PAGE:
• What it’s used for: This antimicrobial chemicals that provide an alternative to parabens, look for it on products that proclaim “paraben free”
  • Why it’s bad: Well for starters urea is secreted from urine which is just gross.  Besides that it can cause significant skin irritations, hurt your liver, disrupt your gastrointestinal tract and can even release formaldehyde in your products.


  • Where it’s found: Sunscreen
  • What it’s used for: To block UV rays
  • Why it’s bad: PABA has been linked to DNA damage and increased free radical.  It can ironically increase your chance of cancer, exactly what you’re trying to avoid by using it!

Parabens – methyl-, ethyl-, propyl- and butyl-

  • Where they’re found: These are the most common preservatives in skincare.  They can be found in over 75% of products ranging from deodorant to makeup to body wash
  • What they’re used for: They are antimicrobial agents that stop bacteria and increase shelf life.
  • Why they’re bad: Parabens mimic estrogen in your body and wreak havoc on our endocrine (hormonal) system.  They’re commonly found in the tissue of breast tumors and may cause uterine abnormalities.


  • Where it’s found: This is another synthetic preservative found in a wide range of skincare products
  • What it’s used for: This has been touted as a safer alternative to parabens, but these claims are questionable.  Pick your poison
  • Why it’s bad: This has also been linked to hormone disruption as well as DNA damage, reproductive harm and bladder problems.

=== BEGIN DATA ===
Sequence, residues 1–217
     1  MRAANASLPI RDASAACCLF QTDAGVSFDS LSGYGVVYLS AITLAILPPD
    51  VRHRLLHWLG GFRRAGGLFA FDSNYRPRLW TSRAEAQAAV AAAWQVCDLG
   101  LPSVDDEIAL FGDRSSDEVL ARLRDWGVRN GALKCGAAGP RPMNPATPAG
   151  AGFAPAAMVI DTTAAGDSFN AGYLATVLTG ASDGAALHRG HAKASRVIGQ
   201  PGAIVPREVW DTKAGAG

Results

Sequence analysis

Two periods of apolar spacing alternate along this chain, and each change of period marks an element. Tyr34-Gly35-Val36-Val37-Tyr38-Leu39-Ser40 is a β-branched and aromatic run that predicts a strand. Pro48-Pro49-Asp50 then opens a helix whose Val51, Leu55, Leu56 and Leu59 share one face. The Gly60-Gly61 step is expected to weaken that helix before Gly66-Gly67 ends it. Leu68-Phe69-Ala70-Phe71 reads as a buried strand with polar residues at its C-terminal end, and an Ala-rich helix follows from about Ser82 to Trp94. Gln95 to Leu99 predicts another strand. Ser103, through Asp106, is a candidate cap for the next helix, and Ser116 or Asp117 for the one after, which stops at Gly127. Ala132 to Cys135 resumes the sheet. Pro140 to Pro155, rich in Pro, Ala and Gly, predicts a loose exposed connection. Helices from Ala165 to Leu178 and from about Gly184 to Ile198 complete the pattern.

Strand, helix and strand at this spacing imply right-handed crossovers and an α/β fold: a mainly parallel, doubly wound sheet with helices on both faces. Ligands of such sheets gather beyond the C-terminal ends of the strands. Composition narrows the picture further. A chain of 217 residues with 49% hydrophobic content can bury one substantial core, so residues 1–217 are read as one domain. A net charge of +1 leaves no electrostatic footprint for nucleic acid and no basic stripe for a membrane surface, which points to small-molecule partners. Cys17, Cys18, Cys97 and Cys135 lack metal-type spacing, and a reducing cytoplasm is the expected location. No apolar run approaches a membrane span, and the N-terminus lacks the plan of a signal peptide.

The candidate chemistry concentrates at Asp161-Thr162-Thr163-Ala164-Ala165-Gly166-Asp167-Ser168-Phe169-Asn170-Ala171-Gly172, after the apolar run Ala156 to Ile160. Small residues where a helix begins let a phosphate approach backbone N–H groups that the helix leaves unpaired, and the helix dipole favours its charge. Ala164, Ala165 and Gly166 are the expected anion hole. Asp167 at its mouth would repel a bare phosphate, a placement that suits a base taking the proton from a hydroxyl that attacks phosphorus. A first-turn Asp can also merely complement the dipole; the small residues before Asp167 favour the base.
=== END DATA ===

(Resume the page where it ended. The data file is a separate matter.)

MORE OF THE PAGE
• Where they’re found: Hairspray, nail polish and some soaps and shampoos
  • What they’re used for: Designed to help scents last longer
  • Why they’re bad: Linked to cancer, hormone disruption and infertility.  They’re particularly harmful to children.

Sulfates – Including sodium laurel/eth sulfate, aluminum laurel/eth sulfate and anything that sounds similar

  • Where they’re found: Sulfates can be found in over 90% of shampoos as well as many soaps, toothpastes, shaving creams and moisturizers
  • What they’re used for: These are foaming agents designed to give products a nice lather and to help rinse dirt
  • Why they’re bad: Where do I start?  Sulfates have been linked to cancer, fertility problems and hormone disruption.  They’re also known to irritate your eyes, skin and hair and is can produce/be contaminated by 1,4-dioxane – another nasty carcinogen.

This list is meant to alert you to some of the most common controversial ingredients in skincare products.  However, the skincare industry uses thousands of ingredients so this list is far from complete.  For a more general guide to choosing safe products see:  Or if you’re interested in making products of your own, here are some of my favorites:  If reading about all these nasty toxins is starting to freak you out, I can totally relate.  I seriously considered whether or not to submit this post because my hope is to empower people, not scare them.  Please know that there are lots of good, healthy, safe products available – you just have to learn how to identify them.  Hopefully these posts help you sort through all the false claims and find products that are good for you, your family and our planet!

This post was inspired by the book, Skinny Bitch: Home, Beauty & Style by Kim Barnouin:  This book is a self proclaimed “no nonsense guide to cutting the crap out of your life for a better body and a better world”.  It’s full of information about the hidden toxins infiltrating every aspect of modern life and what you can do to avoid them.  It will probably freak you out, but it’s a good read nonetheless.